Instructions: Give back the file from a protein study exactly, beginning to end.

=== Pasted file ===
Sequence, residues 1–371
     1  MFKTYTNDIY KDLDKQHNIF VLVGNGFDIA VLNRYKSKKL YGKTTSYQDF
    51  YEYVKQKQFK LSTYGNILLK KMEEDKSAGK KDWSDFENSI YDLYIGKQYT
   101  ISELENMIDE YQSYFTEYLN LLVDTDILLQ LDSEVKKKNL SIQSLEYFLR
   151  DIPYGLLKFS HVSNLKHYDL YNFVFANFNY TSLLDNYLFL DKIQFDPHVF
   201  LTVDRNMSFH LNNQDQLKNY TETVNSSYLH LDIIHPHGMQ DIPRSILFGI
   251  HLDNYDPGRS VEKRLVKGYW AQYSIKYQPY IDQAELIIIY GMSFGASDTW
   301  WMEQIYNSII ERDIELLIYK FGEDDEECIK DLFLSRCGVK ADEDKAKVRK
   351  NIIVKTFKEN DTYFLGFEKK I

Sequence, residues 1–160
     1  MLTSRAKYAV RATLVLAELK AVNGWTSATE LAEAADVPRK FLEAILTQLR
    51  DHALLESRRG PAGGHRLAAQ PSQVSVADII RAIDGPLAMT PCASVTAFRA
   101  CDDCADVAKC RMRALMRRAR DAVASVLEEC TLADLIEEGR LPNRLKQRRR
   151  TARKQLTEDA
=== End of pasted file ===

Sequence, residues 1–371
     1  MFKTYTNDIY KDLDKQHNIF VLVGNGFDIA VLNRYKSKKL YGKTTSYQDF
    51  YEYVKQKQFK LSTYGNILLK KMEEDKSAGK KDWSDFENSI YDLYIGKQYT
   101  ISELENMIDE YQSYFTEYLN LLVDTDILLQ LDSEVKKKNL SIQSLEYFLR
   151  DIPYGLLKFS HVSNLKHYDL YNFVFANFNY TSLLDNYLFL DKIQFDPHVF
   201  LTVDRNMSFH LNNQDQLKNY TETVNSSYLH LDIIHPHGMQ DIPRSILFGI
   251  HLDNYDPGRS VEKRLVKGYW AQYSIKYQPY IDQAELIIIY GMSFGASDTW
   301  WMEQIYNSII ERDIELLIYK FGEDDEECIK DLFLSRCGVK ADEDKAKVRK
   351  NIIVKTFKEN DTYFLGFEKK I

Sequence, residues 1–160
     1  MLTSRAKYAV RATLVLAELK AVNGWTSATE LAEAADVPRK FLEAILTQLR
    51  DHALLESRRG PAGGHRLAAQ PSQVSVADII RAIDGPLAMT PCASVTAFRA
   101  CDDCADVAKC RMRALMRRAR DAVASVLEEC TLADLIEEGR LPNRLKQRRR
   151  TARKQLTEDA